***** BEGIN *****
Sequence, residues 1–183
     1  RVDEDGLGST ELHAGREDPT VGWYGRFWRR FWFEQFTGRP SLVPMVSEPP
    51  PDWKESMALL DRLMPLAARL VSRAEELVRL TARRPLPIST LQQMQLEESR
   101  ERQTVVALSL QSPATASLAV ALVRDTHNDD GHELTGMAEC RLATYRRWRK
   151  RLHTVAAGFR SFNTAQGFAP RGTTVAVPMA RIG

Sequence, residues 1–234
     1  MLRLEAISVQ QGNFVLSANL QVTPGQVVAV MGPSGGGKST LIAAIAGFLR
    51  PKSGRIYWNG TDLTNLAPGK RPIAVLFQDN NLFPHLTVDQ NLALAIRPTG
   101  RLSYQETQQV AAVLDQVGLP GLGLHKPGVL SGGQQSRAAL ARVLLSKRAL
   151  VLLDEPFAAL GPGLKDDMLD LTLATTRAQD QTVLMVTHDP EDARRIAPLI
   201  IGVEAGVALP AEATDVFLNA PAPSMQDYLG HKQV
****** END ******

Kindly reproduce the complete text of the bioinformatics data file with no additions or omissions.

Sequence, residues 1–183
     1  RVDEDGLGST ELHAGREDPT VGWYGRFWRR FWFEQFTGRP SLVPMVSEPP
    51  PDWKESMALL DRLMPLAARL VSRAEELVRL TARRPLPIST LQQMQLEESR
   101  ERQTVVALSL QSPATASLAV ALVRDTHNDD GHELTGMAEC RLATYRRWRK
   151  RLHTVAAGFR SFNTAQGFAP RGTTVAVPMA RIG

Sequence, residues 1–234
     1  MLRLEAISVQ QGNFVLSANL QVTPGQVVAV MGPSGGGKST LIAAIAGFLR
    51  PKSGRIYWNG TDLTNLAPGK RPIAVLFQDN NLFPHLTVDQ NLALAIRPTG
   101  RLSYQETQQV AAVLDQVGLP GLGLHKPGVL SGGQQSRAAL ARVLLSKRAL
   151  VLLDEPFAAL GPGLKDDMLD LTLATTRAQD QTVLMVTHDP EDARRIAPLI
   201  IGVEAGVALP AEATDVFLNA PAPSMQDYLG HKQV